Monica Lewinsky says the public 'are guilty' after consuming Depp v Heard 'courtroom porn'

Monica Lewinsky has called the trial Depp v Heard 'courtroom porn' as she condemns the way the public have consumed this case

Monica Lewinsky on Depp v Heard 'courtroom porn'
(Image credit: Future: Canva / Getty)

Monica Lewinsky has shared her opinion on the Depp v Heard 'courtroom porn' that has exploded over social media over the past few months as she claims the public is 'guilty' of becoming 'virtual jurors.'

Depp v Heard concerns the actor Johnny Depp suing his ex-wife Amber Heard for $50M Dollars. The case which lasted for several weeks was live-streamed across a number of sites and has become one of the most talked-about news stories in the past few months. The public interest in this case has led to many people publically sharing their opinions about this domestic violence case, an action which American activist Monica Lewinsky has condemned. 

In Vanity Fair (opens in new tab), Monica Lewinsky penned an opinion piece and explained why she thinks the public consumption of this case which some have referred to as a 'Trial by TikTok' should be condemned.

The activist explained that the trial had become 'courtroom porn' that was consumed through social media snippets that are 'biased, curated, and cursory'. She then added that underpinning the public consumption of this case was misogyny and as people continued to comment and make memes about this case they 'stoked the flames of misogyny'.

"I wasn’t surprised that the memes about Amber Heard far outnumbered those about Johnny Depp. I wasn’t surprised that the cruel and vitriolic discourse was predominantly aimed at the woman. And I shouldn’t have been surprised (but I was) that shortly after my search, I began to be served suggested posts on the trial," said Monica.

Amber Heard and Johnny Depp

(Image credit: JIM LO SCALZO / Contributor / Getty Images)

Monica added that this wasn't necessarily the public's fault and perhaps it was a confusing culture shock to consume the trial in this snack-sized way.

"Because the trial has also been available live on our screens, we think, subconsciously, that we have a right to look and watch. To judge. To comment.
And we end up with this confusing cultural crossover of watching two people (whom we are used to seeing as actors acting on a screen) in a setting—a courtroom—where we would normally expect them to be assuming their characters’ roles," she said.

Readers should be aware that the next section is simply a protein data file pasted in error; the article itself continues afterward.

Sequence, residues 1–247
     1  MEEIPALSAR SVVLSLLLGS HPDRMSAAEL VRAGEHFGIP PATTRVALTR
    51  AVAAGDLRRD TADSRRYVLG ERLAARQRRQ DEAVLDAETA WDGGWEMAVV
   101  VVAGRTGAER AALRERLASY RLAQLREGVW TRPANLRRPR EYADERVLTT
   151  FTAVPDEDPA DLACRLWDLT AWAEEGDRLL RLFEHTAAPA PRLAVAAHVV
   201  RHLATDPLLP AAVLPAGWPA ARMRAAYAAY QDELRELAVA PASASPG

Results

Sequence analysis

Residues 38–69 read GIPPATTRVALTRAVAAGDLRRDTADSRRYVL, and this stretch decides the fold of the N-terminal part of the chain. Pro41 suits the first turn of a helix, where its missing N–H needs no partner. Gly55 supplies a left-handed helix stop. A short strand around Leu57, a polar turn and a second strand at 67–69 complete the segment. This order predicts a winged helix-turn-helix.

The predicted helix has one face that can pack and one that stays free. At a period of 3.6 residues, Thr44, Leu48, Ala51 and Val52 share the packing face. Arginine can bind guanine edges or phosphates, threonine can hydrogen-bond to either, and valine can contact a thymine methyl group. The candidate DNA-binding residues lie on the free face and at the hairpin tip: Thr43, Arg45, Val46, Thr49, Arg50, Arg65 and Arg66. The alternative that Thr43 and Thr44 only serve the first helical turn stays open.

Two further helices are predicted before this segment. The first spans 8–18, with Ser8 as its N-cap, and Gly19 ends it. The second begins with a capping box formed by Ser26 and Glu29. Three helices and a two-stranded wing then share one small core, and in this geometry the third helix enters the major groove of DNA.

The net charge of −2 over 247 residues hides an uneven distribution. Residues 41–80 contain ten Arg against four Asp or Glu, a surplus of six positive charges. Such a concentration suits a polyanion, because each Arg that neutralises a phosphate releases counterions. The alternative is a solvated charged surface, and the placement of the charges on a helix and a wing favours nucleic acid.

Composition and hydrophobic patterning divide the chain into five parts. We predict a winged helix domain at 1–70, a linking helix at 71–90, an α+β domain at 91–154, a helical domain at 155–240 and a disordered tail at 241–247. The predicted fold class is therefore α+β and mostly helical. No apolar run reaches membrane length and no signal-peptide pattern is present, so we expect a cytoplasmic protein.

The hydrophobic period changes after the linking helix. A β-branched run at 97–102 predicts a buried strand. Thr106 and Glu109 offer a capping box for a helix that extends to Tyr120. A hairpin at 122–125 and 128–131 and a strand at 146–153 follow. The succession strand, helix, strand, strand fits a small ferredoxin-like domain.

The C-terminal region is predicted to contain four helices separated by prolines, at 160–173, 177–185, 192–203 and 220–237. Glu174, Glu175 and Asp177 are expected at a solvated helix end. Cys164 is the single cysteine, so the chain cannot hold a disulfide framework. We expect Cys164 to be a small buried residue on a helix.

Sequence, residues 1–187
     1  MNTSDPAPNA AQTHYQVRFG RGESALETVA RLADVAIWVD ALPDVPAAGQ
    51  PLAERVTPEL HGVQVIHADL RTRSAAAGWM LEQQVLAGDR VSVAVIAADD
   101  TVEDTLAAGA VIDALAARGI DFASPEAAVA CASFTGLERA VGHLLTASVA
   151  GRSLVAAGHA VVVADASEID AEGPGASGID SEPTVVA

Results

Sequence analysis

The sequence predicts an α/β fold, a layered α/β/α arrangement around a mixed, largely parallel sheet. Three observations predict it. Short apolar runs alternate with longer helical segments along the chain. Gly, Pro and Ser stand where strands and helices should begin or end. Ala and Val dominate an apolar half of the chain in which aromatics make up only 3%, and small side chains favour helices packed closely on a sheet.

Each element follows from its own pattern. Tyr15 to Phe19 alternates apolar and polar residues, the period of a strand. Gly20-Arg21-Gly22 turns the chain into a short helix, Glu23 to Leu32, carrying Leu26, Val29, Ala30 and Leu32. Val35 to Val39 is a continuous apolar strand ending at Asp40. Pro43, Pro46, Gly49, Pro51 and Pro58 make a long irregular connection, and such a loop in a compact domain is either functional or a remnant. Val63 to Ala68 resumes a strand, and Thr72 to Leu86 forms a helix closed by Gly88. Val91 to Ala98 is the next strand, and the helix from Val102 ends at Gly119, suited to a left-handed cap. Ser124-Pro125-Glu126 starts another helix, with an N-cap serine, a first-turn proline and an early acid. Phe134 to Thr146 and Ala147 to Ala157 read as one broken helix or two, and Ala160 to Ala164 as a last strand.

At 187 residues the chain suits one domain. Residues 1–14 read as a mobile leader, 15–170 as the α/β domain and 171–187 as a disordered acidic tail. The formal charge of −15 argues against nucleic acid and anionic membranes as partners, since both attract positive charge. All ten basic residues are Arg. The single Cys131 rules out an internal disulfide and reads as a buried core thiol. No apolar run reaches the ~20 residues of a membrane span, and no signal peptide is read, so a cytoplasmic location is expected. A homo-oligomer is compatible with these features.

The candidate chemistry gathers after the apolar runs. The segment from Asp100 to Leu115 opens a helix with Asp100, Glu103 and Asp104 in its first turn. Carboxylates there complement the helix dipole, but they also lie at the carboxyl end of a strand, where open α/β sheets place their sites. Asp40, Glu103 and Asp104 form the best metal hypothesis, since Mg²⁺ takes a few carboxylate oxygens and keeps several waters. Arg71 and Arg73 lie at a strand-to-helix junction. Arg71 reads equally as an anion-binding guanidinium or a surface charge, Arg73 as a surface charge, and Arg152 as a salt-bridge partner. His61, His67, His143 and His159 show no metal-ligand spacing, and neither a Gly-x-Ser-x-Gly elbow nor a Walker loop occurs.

Monica explained that this had led many members of the public to feel like 'virtual jurors' who were entitled to condemn Amber Heard.

Monica questioned, "But what is too much? What is defined as “too far”? As we have watched this story unfold, what does our opinion entitle us to? Does it entitle us to say whom we 'believe'? To restate the cherry-picked facts we’ve glommed on to that have led us, as virtual jurors, to 'just feel it in our bones'?"

"Yeah, sure. But does it entitle us to be cruel? I’m not talking about freedom of speech. I’m talking about social media participants recognizing that they are also part of a society of human beings," said Monica.

Amber Heard

(Image credit: JIM LO SCALZO / Contributor / Getty)

Monica concluded by saying that following her past involvement in the Bill Clinton scandal that has followed her for decades, she understands how this type of public bashing can be permanently damaging for someone.

"Having been on the receiving end of this kind of cruelty, I can tell you the scars never fade," said Monica as she added, "Does our opinion toward this case entitle us to feel so superior—or inferior—that we can create a meme or a TikTok or a tweet saying something that gets other people to laugh at someone who is already suffering?"

Monica Lewinsky

(Image credit: Getty)

This 'trial by TikTok' is another argument that has been discussed by the BBC (opens in new tab) which revealed that fake TikTok accounts had been set up during the trial to stream snippets of the case to the public. It was revealed that 11% of the accounts discussing the trial were bots, which is a 'very high number' of fake accounts.

Like Monica Lewinsky, the BBC argued, "There have been essentially two cases here - one decided by a jury and another by the public." 

The BBC also concluded that despite the fake bots creating content, there was also a more important issue about the general public becoming virtual members of the jury through the consumption of media. "There may be bots, there may be fake accounts, but the vast majority of the traffic is made up of real people who want to join a boisterous, global conversation about justice, truth, and conflict in relationships," concluded the article.

Laura is a news writer for woman&home who primarily covers entertainment and celebrity news. Laura dabbles in lifestyle, royal, beauty, and fashion news, and loves to cover anything and everything to do with television and film. She is also passionate about feminism and equality and loves writing about gender issues and feminist literature.


Laura loves drinking and eating and can often be found trying to get reservations at London's trendiest restaurants. When she's not wining and dining, Laura can also be found travelling, baking, and hiking with her dog.